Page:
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Apple is too strict with copy and paste in iOS 16

Apple is too strict with copy and paste in iOS 16

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Just a few days in, I’ve already had it with this permission prompt

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An image of an iPhone displaying iOS 16’s new permission prompt for pasting from another app.
Where’s my “always allow” option, Apple?
Photo by Chris Welch / The Verge

In my time using iOS 16 so far, I’ve generally been very pleased with the new features and improvements. The customizable lock screen is fun. Removing the background of images just by holding down on a picture’s subject still hasn’t gotten old. But only a few days after the new software rolled out, I’ve already found my biggest frustration: iOS now asks if it’s okay to paste an item from one app to another. Constantly. Over and over and over again.

There’s got to be a better solution than this.

I understand the why behind the new prompt. Your iPhone’s clipboard often contains sensitive data — passwords, personal photos, two-factor passcodes, and so on. Apps likely skim this information more often than any of us realize. And this is another example of Apple abiding by its mantra on privacy: ask people in plain English if they want to allow apps to access their information. Ask them repeatedly.

But the new prompt is adding friction where it never existed before. It’s making copy and paste inherently less seamless. For example, if I cut out the subject of an image in Photos, copy it, and go to paste it into a text in Messages, I get hit with the permission dialog. Every time. Same goes for pasting something into Notes.

A screenshot of the “do you want to allow this?” paste prompt in iOS 16.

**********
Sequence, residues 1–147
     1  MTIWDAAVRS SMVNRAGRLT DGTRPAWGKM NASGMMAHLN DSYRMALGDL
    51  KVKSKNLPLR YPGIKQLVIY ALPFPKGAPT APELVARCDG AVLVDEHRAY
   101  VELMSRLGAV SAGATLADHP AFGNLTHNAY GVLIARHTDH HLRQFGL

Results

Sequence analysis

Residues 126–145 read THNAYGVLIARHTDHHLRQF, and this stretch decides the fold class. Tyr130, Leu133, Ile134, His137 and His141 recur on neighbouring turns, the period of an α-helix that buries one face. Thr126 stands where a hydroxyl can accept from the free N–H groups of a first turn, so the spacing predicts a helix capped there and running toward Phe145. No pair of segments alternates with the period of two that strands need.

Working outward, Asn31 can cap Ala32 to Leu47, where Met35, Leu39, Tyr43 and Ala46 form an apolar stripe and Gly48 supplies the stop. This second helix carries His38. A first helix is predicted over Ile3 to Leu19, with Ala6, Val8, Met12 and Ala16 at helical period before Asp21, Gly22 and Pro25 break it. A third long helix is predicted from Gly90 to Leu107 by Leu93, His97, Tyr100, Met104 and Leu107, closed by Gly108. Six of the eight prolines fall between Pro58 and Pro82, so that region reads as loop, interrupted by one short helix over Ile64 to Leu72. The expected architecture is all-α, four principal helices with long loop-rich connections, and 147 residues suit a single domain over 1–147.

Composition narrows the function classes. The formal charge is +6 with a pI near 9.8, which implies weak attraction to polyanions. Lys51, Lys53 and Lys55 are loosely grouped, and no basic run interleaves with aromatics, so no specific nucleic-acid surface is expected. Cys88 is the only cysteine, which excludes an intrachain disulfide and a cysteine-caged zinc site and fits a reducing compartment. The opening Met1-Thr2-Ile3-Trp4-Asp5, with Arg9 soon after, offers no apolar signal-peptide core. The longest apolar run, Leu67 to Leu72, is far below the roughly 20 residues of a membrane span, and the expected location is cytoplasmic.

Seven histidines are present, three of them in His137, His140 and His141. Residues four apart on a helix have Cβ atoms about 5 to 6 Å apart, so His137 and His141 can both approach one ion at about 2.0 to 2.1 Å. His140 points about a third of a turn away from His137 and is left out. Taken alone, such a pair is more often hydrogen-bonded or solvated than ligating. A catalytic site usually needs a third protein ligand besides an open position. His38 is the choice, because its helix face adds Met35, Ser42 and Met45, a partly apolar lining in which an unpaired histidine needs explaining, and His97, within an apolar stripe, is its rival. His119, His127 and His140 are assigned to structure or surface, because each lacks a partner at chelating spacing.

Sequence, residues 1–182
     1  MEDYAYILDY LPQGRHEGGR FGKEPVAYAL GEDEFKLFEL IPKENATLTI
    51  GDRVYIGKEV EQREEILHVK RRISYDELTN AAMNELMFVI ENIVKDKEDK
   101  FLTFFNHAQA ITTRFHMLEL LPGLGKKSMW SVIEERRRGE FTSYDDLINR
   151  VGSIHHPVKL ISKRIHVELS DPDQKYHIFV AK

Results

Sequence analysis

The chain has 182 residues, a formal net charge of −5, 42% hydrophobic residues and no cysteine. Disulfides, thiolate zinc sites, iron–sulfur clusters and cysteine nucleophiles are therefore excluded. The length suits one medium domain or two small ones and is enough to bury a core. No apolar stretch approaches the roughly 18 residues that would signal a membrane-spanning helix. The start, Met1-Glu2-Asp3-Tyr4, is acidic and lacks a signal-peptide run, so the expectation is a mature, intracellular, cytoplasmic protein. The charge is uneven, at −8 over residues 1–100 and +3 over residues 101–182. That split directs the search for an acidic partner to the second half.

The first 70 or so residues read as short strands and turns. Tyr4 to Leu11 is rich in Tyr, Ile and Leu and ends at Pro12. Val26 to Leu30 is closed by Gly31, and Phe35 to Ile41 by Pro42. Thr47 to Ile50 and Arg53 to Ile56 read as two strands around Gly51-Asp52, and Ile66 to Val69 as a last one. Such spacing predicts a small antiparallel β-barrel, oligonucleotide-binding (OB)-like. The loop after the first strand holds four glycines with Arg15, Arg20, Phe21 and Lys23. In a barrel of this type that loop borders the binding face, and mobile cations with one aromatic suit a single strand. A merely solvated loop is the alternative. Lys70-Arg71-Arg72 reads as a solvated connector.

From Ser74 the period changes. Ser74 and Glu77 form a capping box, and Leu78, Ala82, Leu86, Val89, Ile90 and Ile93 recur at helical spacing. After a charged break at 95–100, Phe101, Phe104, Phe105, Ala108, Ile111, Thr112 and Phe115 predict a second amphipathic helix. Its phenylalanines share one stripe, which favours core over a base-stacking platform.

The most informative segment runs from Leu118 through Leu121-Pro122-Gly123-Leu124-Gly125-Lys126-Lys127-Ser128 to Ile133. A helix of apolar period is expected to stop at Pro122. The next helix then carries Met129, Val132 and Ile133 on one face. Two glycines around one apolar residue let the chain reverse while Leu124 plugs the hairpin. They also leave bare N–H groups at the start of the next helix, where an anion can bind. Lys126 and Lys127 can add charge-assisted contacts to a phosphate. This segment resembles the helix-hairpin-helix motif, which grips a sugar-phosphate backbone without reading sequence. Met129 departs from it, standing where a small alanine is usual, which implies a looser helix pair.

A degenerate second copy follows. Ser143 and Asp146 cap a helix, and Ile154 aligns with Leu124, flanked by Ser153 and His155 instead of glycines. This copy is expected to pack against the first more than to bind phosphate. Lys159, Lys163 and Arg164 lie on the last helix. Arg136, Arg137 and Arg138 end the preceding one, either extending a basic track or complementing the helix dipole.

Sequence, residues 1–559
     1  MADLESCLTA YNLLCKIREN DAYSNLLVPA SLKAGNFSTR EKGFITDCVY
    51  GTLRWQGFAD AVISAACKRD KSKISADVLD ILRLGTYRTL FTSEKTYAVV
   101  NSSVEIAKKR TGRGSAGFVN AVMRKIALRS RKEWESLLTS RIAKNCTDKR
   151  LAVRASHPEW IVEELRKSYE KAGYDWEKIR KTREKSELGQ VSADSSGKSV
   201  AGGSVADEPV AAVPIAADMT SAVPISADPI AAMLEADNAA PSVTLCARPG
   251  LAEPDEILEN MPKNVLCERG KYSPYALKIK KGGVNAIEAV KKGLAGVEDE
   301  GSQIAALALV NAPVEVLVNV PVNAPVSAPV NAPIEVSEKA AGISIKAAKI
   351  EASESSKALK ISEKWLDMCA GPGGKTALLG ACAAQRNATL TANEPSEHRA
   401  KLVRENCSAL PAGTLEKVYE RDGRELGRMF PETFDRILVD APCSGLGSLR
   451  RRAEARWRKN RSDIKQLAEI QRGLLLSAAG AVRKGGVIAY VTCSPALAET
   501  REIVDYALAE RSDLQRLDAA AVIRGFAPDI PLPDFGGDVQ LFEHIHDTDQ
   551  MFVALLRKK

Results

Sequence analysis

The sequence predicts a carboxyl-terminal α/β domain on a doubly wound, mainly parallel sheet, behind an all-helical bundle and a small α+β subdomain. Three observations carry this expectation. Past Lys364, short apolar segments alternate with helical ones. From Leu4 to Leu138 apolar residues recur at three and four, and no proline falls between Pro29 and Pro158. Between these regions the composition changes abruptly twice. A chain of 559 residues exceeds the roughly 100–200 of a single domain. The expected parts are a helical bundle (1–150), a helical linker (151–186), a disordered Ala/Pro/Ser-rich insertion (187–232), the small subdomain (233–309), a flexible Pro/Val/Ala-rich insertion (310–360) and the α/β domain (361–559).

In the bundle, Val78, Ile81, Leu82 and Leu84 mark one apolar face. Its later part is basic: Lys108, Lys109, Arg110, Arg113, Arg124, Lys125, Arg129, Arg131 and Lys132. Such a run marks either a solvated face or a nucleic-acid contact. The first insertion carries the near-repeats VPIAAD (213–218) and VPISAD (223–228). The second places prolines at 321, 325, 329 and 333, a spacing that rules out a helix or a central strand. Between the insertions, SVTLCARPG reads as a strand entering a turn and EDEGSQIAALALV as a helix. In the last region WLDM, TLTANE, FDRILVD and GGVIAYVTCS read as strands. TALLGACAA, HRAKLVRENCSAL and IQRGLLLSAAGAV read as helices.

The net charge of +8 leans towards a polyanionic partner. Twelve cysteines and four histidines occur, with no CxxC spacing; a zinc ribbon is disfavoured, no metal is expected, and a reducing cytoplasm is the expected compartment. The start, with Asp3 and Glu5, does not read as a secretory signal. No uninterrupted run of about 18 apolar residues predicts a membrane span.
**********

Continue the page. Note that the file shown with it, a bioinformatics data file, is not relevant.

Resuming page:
I shouldn’t have to approve this every. single. time.
Screenshot: Chris Welch / The Verge

These are core iPhone applications, and while it’s appropriate that Apple applies its rules universally, I also find myself thinking in frustration, “Yes, of course it’s okay for you to paste this picture into a message. Why wouldn’t it be? Enough already.” We’re talking about a fundamental, very common action flow, and now there’s a hurdle in the middle. Why is Apple double checking what is clearly user intent and a direct command?

The objective of preventing apps from snooping on your clipboard is reasonable. But surely it’s possible for Apple to include “always allow” among the choices so that people won’t have to constantly see this screen. Or the company could add a “pasteboard” toggle to the privacy settings for each app much in the way it does for location, notifications, background data, and so on. Just give us some way of establishing permanence for our copy and paste preferences.

The pop-up is happening so frequently that I’m almost wondering if it’s a bug and not the intended behavior. And sometimes — like when pasting into Slack — it doesn’t come up at all. Nothing’s been changed so far in the first betas of iOS 16.1, but I’m hoping Apple will refine this interaction sooner than later.

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